2020: Opera Extraordinaire

I was given to lying prone on the living room carpet, pencil in hand, contemplating my topic sentence. It was a strange luxury: the blank page and a sentence-to-be.  In my mind’s eye, I knew it had to be multiple. There couldn’t be just one angle, one point of view or concept to explore on a sixth-grade paper.  It was a good thing I had a stack of paper handy.

Skipping ahead, how many voices, or topic sentences would we need to write about 2020?  The mind splits under the pressure.  It’s been a behemoth of a year, and any rational attempt at “making sense” is a slippery, doomed adventure, without multiplicity. 

Better to imagine the year as a screaming, overstuffed, opera, exhausting in its sheer number of plot lines and tonal shifts.  You didn’t want to cry but there you were crying at something sentimental that now rang true.  There was sacrifice, there was love against all odds. Death always in the background, or on the other side of the flimsy stage door.  That’s what made the singing so moving, the sorrow, even in love songs, so poignant. 

When the opera quiets at intermission, you are soaringly happy, with inner circle, with friends.  I was happy with a square of grass, a flower, a word.  When I listened to the mute language of things. 

Sometimes from all the screaming and confusion, my mind got fuzzy.  I seethed from the cage of futility.  I raged, scoffed, then laughed at national farce.   I bled, then tried to be nourished by things as they are.  The same image of my physical self on a film strip would be repeated, with only the color radically shifting according to mood.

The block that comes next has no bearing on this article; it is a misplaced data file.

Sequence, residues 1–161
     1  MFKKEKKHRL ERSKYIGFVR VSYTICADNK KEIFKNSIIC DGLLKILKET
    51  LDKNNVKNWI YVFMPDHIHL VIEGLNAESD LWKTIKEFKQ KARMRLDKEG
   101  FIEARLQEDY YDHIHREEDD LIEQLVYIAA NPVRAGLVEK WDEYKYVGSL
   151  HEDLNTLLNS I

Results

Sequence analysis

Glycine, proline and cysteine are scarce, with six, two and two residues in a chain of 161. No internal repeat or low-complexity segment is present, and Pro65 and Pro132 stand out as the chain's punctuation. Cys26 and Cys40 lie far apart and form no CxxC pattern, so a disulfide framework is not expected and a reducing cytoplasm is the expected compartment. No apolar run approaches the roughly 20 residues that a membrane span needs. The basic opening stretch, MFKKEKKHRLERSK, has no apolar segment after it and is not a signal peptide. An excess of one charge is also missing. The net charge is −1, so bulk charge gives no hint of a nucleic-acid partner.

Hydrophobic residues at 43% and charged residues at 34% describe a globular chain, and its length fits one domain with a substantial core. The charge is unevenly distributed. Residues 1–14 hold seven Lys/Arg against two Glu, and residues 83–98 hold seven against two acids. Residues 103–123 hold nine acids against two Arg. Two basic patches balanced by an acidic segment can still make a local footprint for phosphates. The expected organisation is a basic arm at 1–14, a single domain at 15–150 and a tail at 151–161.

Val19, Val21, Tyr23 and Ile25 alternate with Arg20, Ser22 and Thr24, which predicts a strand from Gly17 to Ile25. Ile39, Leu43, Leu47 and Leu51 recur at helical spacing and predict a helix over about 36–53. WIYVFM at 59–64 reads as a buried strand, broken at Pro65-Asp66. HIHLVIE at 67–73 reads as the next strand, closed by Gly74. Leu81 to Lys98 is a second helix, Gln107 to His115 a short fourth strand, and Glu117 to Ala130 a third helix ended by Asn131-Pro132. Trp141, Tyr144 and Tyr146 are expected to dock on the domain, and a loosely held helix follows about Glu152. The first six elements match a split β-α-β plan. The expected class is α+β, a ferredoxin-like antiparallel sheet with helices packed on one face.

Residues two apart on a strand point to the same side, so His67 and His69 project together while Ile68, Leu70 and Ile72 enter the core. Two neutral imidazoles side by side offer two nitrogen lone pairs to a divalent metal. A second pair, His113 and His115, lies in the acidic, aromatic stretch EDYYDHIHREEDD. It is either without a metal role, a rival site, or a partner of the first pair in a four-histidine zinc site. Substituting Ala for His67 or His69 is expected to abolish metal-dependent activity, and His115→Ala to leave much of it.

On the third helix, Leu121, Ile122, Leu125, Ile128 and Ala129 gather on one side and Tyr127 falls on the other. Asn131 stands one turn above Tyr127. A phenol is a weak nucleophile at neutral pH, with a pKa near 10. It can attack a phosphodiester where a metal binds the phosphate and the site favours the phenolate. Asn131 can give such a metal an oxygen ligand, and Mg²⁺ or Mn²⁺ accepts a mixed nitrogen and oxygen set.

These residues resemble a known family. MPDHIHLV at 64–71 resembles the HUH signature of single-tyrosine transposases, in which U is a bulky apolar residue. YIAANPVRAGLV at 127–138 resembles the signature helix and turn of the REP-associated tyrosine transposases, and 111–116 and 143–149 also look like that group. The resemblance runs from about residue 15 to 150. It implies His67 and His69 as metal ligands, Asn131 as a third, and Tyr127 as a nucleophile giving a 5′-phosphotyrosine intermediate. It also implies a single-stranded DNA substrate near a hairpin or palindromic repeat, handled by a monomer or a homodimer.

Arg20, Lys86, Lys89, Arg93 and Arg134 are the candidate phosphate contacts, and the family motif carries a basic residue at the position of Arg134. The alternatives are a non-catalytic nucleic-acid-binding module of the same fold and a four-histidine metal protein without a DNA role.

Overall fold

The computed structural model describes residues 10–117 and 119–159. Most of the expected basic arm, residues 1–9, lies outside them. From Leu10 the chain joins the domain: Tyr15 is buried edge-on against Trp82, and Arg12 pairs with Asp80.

One thing I’m grateful for: to have been saturated with emotion, saturated with experience.  Things mattered.  Chaos mattered.  At the edge, we did small things, though we were charged with personal accountability.  We found lightness at the center.  When we pack our suitcases to take forward into the future, they should be lighter and filled with an open weave of memory and desire, of fierce attention, of strong beauty.
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One Response to 2020: Opera Extraordinaire

  1. louis says:

    i loved “things matter.” i so bristled at the reaction to “Black Lives Matter” when some people responded, “blue lives matter” or “white lives matter” or “all lives matter.” their knee jerk reactions and defensiveness angered me. but i knew in there, there was and should have been a way of reacting or responding that summed things up proactively and sensitively.
    “things matter” is wonderful. “chaos mattered.”

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